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Art gallery mounts completed Ophelia project

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Cathy Dobson

With summer stretching before us and the kids out of school, the Judith and Norman Alix Art Gallery (JNAAG) has several intriguing exhibits and a family-friendly Sunday art program that might appeal.

The public gallery has remounted an exhibition from 2013 that was created for the building`s grand opening with the help of several local artists. It is now part of the JNAAG`s permanent collection.

“Blackwater Ophelia” is a tribute to an 1852 painting of Hamlet`s tragic heroine by John Everett Millais.  The painting depicts a scene featuring the heartsick Ophelia after she discovered Hamlet killed her father.

Award-winning artist Adad Hannah was inspired to recreate the painting in sculpture when he was an artist-in-residence at the former Gallery Lambton.

Hannah, who graduated from the Emily Carr Institute of Art & Design in British Columbia, made several visits to Sarnia-Lambton from 2010 to 2012. During that time, he was asked to engage the community in a contemporary artistic project.

Using studio space provided by Petrolia artists Jane Austin and Norman Barney, Hannah worked with Sarnia artist Jessica Butler to create a dress for Ophelia that replicates the one in Millais’ painting.  He recruited local artist and model Hailey McHarg to help replicate the flowers. Then McHarg participated in a 12-hour photo shoot during which she was Ophelia.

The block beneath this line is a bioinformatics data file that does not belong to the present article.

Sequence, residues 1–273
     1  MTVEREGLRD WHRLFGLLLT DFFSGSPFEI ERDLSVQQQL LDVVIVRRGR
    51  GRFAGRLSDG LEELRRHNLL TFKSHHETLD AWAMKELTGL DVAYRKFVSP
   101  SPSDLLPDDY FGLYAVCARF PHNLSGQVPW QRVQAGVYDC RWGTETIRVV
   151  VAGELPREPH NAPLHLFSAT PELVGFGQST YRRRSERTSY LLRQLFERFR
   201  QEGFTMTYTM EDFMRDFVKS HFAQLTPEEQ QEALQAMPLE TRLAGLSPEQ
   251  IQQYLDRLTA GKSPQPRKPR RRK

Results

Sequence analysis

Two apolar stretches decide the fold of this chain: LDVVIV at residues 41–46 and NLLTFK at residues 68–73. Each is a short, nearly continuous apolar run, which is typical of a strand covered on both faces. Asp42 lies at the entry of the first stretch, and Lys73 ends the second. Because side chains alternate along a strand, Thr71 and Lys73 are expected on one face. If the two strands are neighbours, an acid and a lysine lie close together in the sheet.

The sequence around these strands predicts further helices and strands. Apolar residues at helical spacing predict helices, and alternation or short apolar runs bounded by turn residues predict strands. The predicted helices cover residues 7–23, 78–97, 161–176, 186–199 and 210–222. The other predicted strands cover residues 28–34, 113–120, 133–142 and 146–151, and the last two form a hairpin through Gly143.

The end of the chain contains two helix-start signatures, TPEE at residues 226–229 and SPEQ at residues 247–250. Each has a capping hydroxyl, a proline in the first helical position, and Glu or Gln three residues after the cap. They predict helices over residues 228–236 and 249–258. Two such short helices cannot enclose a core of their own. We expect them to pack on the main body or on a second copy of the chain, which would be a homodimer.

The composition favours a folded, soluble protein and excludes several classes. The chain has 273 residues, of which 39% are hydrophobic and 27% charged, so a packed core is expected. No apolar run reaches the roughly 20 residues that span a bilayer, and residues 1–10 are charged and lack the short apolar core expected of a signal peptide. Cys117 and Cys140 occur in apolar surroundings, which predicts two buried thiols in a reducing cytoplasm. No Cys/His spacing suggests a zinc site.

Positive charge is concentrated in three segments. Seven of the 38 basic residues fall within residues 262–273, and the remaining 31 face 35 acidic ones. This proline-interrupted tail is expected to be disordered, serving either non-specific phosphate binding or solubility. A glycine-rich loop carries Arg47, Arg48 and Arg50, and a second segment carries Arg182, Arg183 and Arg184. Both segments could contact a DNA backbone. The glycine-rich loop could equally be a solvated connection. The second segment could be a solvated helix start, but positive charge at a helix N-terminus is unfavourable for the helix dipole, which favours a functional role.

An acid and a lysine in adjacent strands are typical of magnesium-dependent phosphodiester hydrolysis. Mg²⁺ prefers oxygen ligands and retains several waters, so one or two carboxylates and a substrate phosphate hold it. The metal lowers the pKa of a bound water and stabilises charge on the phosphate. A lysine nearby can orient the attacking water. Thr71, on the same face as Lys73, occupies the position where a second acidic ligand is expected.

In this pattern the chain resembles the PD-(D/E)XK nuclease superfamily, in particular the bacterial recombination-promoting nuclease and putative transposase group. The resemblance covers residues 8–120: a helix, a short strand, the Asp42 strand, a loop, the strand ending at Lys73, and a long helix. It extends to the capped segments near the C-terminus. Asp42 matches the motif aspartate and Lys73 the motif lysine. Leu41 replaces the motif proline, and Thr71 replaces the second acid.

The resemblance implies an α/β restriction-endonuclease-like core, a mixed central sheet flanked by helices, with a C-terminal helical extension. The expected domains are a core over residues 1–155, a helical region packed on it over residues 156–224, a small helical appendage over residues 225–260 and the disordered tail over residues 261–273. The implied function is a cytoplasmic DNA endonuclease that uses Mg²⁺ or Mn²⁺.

The end result is a local interpretation that has been lent to other Canadian galleries and is back on display at the local art gallery until Aug. 3.  The original items painstakingly created for the photo shoot are exhibited in the foyer, while photographs and a video explaining the making of the re-creation and the community collaboration are in the Dr. J. Telford Biehn gallery upstairs.

As assistant curator Darryn Doull puts it, this is an opportunity to see all the components of the Ophelia project “click together.”

A second exhibit, `”Alma: The Life and Art of Alma Duncan” is getting great public response this summer, says Doull.

The exhibit is a retrospect of the late Ottawa artist`s work.  Duncan was gifted in many ways and the exhibition includes her paintings, drawings, film production and puppetry.

A `Talk and Tour` with the co-curator is scheduled Thursday, July 16 at 7 p.m. to discuss Alma Duncan and her work.

That brings us to the Family Sunday Art Drop Ins that run every Sunday from 1 p.m. – 3 p.m.  All activities planned for July are related to the Alma Duncan exhibit.

On July 12, the drop-in involves marionette puppet making; July 19 features oil pastels and, on July 26, participants will do still life drawings.  Adults are encouraged to see the exhibitions while the kids participate in the art programs.

Remember, all exhibitions and activities at the Judith and Norman Alix Art Gallery are free-of-charge.  The gallery is located at 147 Lochiel St. in downtown Sarnia. For further details, visit www.jnaang.ca.

 

If you know about someone or something intriguing that is contributing to Sarnia`s cultural fabric, contact Cathy Dobson at cathy.dobson”thesarniajournal.ca or 226-932-0985.

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